Museum and applications documenting irritating sound through-out history – winner Dutch Prix de Rome 2003, for art and public space
Structures in Life, as in Death
The following fluorescent tubes were salvaged from a disposal bin, chosen for their diversity in expiry.
The waveforms shown below illustrate the patterns found in the recording of each respective tube using contact microphones.
Tubes shown in this range operate off 24 volts and all behave differently when charged. A cold tube for example will have a period of violent fluctuation before stabilising. Sustained oscillations, pulses of charge with incredible regularity and sudden turn to dynamic and unpredictable waveforms outline fault in performance as a result of age. A cross section of sources attempt to describe such behaviour but not quite in relation to an aging. Knowledge being beyond the resource of this museum, we apologise and offer in place, the following partial principles of a fluorescent lighting system.
Attempts to Suppress
Through out history there have been many attempts to suppress the sounds of function in an industrialised world. Counter measure for highway (including porous road surface/ barriers) aircraft noise, and general reduction of Laeq. levels from the factory down to the individual household have been considered and practiced.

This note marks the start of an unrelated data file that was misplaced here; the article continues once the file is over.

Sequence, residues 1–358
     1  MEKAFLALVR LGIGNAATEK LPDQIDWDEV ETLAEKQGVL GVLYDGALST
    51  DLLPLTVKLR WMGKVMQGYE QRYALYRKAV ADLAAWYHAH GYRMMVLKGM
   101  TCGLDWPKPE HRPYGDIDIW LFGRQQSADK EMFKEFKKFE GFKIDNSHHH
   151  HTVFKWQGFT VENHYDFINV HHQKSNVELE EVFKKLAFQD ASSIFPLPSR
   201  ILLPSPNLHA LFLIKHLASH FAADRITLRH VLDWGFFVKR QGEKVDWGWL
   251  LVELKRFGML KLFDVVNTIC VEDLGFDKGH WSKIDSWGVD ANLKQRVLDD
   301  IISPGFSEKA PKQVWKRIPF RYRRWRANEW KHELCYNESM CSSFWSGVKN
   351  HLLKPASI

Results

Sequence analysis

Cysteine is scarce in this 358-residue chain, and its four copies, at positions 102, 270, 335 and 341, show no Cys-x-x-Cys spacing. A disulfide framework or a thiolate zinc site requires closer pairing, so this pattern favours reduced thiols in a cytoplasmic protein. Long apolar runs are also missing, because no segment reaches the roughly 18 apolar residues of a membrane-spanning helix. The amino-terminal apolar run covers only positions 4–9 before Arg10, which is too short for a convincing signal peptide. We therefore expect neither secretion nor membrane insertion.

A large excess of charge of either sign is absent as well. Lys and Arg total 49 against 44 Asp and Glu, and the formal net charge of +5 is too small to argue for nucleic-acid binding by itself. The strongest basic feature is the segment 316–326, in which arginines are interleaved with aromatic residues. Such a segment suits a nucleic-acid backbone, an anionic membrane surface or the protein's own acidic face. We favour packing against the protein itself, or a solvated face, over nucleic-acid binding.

Machines You Don’t Want To Hear – Machines You Hear With
Continuous exposure to loud noise can produce hearing loss. Sounds are transmitted as vibrations from the outer ear to the 30,000 delicate hair cells of the inner ear. When exposed to loud sounds, the hair cells vibrate violently. This often results in tinnitus (ringing in the ear) and temporary hearing loss that usually recovers within a day. With continued exposure to loud noise, the temporary hearing loss can become permanent by a destruction of the hair cells. Hearing in the higher pitch range is usually affected first. This often results in a reduction in the clarity of speech, especially in a background of noise. It is, for example, easier to hear men than women and children.
Subjectivity In Sound
The sound which weaves the tapestry of a city can be as much cultural spine and voice as repulsion. While some thrive on the noises of city others find them obtrusive and unnecessary. Noise can be described as unwanted sound yet at the same time to be noisy can also means to be rich and descriptive.
The megaphones shown here are common in Beijing shops along main streets, through which people play pre-recorded messages from walkmans to lure customers.
The following are extracts from the recordings:
1: Let us introduce G.S.M., a new telecommunications system in China since 1994…
2: Hello Customers, welcome to JinTan Supermarket, we have roast duck, dried fruit, cigarettes, alcohol and other consumer products, you are welcome to choose and shop.
3: Ladies jerseys only ten yen each, you are welcome to purchase.
4: Hello customer, in our shop everything is cheap. We have a sale of diverse stock. Toys, different bags and chests